How will a TBI change my life, and can I receive Social Security disability benefits?

A traumatic brain injury (TBI) can occur when the head is shaken or hit in a violent way. For example, if you are in a vehicle accident, suffer a slip and fall, are involved in a sports-related collision, or are subjected to a blast—specifically veterans who Art Sculpture Shaped Into a Head experience an explosion from an improvised explosive device (IED)—you may suffer a TBI. When a forceful blow moves the brain back and forth inside the skull, it can cause contusions or bruising. The quick head movement can cause stress that damages brain tissues because nerve fibers get pulled apart.

When a person experiences a blow to the head, the result can be a concussion or a closed head injury. Most often, a concussion is not life threatening, so it’s considered a “mild” brain injury. Usually, a person suffering a concussion will feel confused or dazed and only lose consciousness for a brief period. However, there are also moderate and severe TBIs that are much more serious. In 2010, TBIs were associated with approximately 2.5 million visits to the emergency room, hospitalizations, and deaths. Thirty percent of all U.S. injury-related deaths are due to TBIs, and nearly half of patients with a TBI require surgery to repair or remove a contusion or hematoma.

According to the Centers for Disease Control and Prevention (CDC), it’s estimated that over five million people in the U.S. have long-term or life-altering disabilities because of a TBI.

Questions About TBIs

Doctors typically classify TBIs according to their severity: mild, moderate, or severe. Most people experience mild TBIs, and their symptoms improve over time. However, each brain injury is unique, and symptoms of a TBI are different for each individual and for each part of the brain that’s affected during the injury. Because the consequences and end result of each TBI type can be varied and individualized, there are many questions about what happens after experiencing a blow to the head. Here are some of the most common questions about TBIs and some general answers to those questions:

What types of injuries cause brain trauma?

There are typically four types of injury that can cause a TBI:

  • A closed head injury. This occurs when the force to the head causes brain tissue to strike the sides of the skull. This impact can cause bruising, bleeding, neurochemical changes, and a buildup of pressure or fluid.
  • A penetrating injury. This occurs when some type of object pierces the skull and harms the brain. This can include gunshot wounds, open fractures, or any foreign object entering the brain. Considered life-threatening, a penetrating injury requires immediate medical attention.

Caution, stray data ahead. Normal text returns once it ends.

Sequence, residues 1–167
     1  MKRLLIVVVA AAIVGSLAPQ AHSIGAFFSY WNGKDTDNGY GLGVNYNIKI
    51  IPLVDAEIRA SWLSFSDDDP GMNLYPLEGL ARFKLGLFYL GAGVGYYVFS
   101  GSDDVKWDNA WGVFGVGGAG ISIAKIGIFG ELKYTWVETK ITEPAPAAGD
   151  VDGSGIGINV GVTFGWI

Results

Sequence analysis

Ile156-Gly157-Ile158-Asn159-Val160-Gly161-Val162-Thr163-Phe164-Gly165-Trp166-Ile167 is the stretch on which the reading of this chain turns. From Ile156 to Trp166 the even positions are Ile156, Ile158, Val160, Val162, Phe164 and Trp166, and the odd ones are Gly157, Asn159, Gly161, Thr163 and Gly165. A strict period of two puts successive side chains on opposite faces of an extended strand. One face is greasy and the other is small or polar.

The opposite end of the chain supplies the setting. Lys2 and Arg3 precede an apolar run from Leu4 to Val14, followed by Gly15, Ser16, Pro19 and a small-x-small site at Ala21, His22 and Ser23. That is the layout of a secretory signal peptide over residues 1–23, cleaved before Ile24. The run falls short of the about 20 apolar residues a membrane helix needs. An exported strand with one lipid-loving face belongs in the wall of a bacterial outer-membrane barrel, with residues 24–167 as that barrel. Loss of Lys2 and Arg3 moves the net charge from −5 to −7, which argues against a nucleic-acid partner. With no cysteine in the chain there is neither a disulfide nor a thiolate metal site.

• An anoxic injury. Also called cerebral hypoxia, this type of injury happens when oxygen is cut off or reduced for four minutes, causing brain cells to die. After five minutes without oxygen, a person can suffer permanent anoxic brain injury. Anoxic brain injury is life-threatening, and the longer a person suffers oxygen loss, the more serious the brain injury.
  • A toxic injury. This type of brain injury happens through exposure to toxic chemicals—chemicals that can kill or damage brain cells because they’re able to cross the blood-brain barriers.

How will a TBI affect me?

A person who suffers a TBI may experience thought-related changes, physical changes, and personality or behavioral changes. Depending on the severity of the brain injury, he may experience none or many of the following changes:

Thought-related changes:

  • Shorter attention span
  • Problems with memory
  • Impaired judgment
  • Impaired reading and writing skills
  • Difficulty with problem solving
  • Impaired communication skills

Physical changes:

  • Paralysis—full or partial
  • Problems sleeping
  • Problems with muscle coordination
  • Feelings of weakness
  • Traumatic epilepsy—seizures

Personality and behavioral changes:

  • Problems controlling emotions
  • Increased feelings of irritation or frustration
  • Problems with social skills
  • Severe mood swings
  • Feelings of depression

If  I have a TBI, can I receive Social Security Disability?

If you suffered a TBI, finding the right kind of help isn’t always easy. At Cuddigan Law, we understand the rules and restrictions that govern Social Security disability for TBIs. We know that TBI disability cases are challenging, but we also know it’s possible to win them. Call us at (402) 933-5405 for a free evaluation of your case.

Sean D. Cuddigan
SSA and VA Disability Attorney in Omaha, Nebraska